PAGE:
PHOENIX — Thirty-six starts over two years. Fifteen top-10 finishes. One major championship. One successful title defense (in his hometown, no less).
And many, many other highs and lows — on and off the golf course — during the longest "season" in the history of the PGA Tour Champions.
As the sun set Sunday on the senior circuit's unprecedented 2020-21 wraparound season, however, it was too soon for the Jerry Kelly to fully wrap his mind around all he had accomplished over the previous 23 months. The Madison golfer was still trying to process the final 18 holes in that body of work, an even-par 71 in the final round of the Charles Schwab Cup Championship that began with the promise of a birdie on No. 1 and ended with the solace of another birdie on No. 18, but offered little in between to help catapult Kelly into one of the most compelling finishes in the 32-year history of this season-ending event.
Phil Mickelson, 51, who went to college and met his wife Amy at nearby Arizona State, birdied three of his last four holes to shoot a 6-under 65 and win the tournament title with a 19-under 265, one shot ahead of Australian Steven Alker. It marks Mickelson's fourth win in six career starts on the PGA Tour Champions, matching Jack Nicklaus' 1991 mark for fewest starts needed to secure four victories.
Bernhard Langer, 64, shot a final-round 69 and held off Jim Furyk to win the season-long Charles Schwab Cup points competition with 3,655,999 — 156,477 ahead of Furyk. It marks the sixth time Langer has won the Charles Schwab Cup, a trophy no other golfer has hoisted more than twice.
Charles Schwab Cup winners
|2020-21||Bernhard Langer (6)|
|2018||Bernhard Langer (6)|
|2016||Bernhard Langer (4)|
|2015||Bernhard Langer (3)|
|2014||Bernhard Langer (2)|
|2012||Tom Lehman (2)|
|2009||Loren Roberts (2)|
|2008||Jay Haas (2)|
|2005||Tom Watson (2)|
|2004||Hale Irwin (2)|
Kelly, who will turn 55 next Tuesday, held onto the No. 5 spot in the final Charles Schwab Cup standings with his T-24 finish, his 25th top-25 showing during the 2020-21 wrap-around season. It took him five starts in 2020 to record his first top-10 finish — a T-8 at The Ally Challenge following a five-month shutdown of the PGA Tour Champions caused by the COVID-19 pandemic — and he finished outside of the top 10 in each of his final five starts to close out the 2021 portion of the schedule.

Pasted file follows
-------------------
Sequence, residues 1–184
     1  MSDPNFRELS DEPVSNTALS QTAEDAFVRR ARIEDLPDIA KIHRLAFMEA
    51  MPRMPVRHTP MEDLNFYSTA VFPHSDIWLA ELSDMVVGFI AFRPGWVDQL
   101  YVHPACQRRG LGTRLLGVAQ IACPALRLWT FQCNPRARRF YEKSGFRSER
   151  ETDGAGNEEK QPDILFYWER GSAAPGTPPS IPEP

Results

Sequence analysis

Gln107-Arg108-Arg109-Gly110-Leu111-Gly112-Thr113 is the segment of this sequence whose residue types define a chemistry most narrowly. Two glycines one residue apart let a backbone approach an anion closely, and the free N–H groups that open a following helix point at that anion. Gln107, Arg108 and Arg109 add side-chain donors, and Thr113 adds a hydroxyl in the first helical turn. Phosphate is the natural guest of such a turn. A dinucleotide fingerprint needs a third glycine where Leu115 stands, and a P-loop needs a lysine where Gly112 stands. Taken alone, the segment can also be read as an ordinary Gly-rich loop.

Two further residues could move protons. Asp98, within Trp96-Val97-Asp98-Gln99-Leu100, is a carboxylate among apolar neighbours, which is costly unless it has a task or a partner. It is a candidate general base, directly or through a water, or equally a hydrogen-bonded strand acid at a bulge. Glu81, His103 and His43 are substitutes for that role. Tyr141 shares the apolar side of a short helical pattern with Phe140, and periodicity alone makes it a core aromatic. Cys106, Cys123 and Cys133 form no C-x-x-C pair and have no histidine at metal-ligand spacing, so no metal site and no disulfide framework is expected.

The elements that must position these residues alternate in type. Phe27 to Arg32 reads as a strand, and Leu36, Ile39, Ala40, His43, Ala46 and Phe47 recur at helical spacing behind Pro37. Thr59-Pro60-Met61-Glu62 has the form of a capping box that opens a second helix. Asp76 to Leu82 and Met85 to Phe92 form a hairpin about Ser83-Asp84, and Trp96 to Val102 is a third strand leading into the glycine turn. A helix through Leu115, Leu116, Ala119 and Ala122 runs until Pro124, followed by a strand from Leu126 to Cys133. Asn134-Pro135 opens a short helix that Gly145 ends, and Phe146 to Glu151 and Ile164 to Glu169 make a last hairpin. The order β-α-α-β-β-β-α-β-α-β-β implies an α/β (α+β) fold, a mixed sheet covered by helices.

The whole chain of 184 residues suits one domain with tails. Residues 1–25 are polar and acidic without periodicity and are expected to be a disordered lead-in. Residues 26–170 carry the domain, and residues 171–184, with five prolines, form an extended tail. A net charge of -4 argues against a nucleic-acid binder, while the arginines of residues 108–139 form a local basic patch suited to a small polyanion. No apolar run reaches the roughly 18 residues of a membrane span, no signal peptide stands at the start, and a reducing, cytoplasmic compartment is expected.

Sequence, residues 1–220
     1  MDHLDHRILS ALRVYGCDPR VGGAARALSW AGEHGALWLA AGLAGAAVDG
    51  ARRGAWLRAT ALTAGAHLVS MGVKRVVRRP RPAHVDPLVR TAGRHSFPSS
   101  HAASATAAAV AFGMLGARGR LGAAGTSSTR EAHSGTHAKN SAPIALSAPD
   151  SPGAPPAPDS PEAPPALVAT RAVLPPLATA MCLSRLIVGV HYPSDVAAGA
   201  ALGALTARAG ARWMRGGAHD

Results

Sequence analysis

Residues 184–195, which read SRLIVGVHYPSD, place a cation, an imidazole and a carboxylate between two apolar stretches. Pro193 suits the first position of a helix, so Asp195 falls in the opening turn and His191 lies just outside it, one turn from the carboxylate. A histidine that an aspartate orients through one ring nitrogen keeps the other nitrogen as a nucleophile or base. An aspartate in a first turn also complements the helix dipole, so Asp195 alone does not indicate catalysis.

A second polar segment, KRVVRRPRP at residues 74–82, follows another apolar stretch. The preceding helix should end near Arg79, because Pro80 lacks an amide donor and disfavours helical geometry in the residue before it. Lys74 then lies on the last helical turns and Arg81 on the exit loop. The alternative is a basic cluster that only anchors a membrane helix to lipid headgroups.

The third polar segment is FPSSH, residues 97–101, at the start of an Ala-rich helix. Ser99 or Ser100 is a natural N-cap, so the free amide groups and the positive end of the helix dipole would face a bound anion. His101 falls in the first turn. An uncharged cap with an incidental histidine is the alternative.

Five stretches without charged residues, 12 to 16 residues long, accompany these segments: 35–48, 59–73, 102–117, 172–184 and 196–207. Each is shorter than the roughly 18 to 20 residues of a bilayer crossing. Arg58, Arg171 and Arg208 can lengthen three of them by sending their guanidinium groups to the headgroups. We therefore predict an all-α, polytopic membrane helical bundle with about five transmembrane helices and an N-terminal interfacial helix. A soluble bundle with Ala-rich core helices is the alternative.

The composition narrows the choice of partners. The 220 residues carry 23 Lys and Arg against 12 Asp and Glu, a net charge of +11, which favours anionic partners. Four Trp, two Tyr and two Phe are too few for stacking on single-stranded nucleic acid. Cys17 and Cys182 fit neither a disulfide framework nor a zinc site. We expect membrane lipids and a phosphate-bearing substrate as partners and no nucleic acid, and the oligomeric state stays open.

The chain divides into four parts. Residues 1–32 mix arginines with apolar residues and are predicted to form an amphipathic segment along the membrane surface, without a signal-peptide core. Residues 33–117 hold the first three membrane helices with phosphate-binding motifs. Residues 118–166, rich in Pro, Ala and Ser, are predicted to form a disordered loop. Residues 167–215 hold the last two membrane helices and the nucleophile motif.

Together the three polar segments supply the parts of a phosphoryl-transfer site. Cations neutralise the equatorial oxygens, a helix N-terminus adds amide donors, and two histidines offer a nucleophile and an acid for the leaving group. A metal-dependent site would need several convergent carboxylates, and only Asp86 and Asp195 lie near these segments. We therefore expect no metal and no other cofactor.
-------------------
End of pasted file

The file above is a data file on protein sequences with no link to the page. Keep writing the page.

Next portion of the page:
"It started bad and it finished bad," Kelly said. "I did a lot of good things in between. But now I've got to do what I always do and reassess and start working (toward 2022) in about two days."
The obvious highlights in the unique wrap-around season were his victory at the 2020 Bridgestone Senior Players Championship, the only major championship contested during 2020 due to the pandemic, and his successful title defense at the 2021 American Family Insurance Championship in Madison. A smile came to his face Sunday when he was reminded of the immense Kelly family photo behind the 18th green at University Ridge Golf Course in Madison following the AmFam Championship trophy ceremony.
"Those (two victories) and having (wife Carol) come out back out (Saturday)," said Kelly, whose wife followed up Saturday's stroll through the front nine — three weeks after having a cancerous right kidney removed — by walking the back nine with son Cooper Sunday so they could be among the first ones to greet him and celebrate the end of another successful season on the senior circuit.
"Those are about the three best moments of the two years, no question."
When Kelly was reminded that Sunday's finale also closed the curtain on his fifth year on the PGA Tour Champions, he joked that it "feels like 10 years," but admitted it "has gone by in a hurry."
In those five years, Kelly has never finished worse than seventh in the Charles Schwab Cup standings, recording 50 top-10 finishes in 103 starts. "I keep on losing that side of 50 percent; I'd like to get it back," he deadpanned.
That might explain why Kelly will start looking forward to next year even before the Thanksgiving turkey is carved or the Christmas presents are opened.
"I'm just trying to fight for everything I can get," said Kelly, who plans to start 2022 with a PGA Tour cameo at the Sony Open in Hawaii in January before teeing it up in the PGA Tour Champions opener at the Mitsubishi Electric Championship Jan. 17-22 at Hualalai. "I'm getting older. I feel it. But I just have to ward off the injuries and I'll be OK."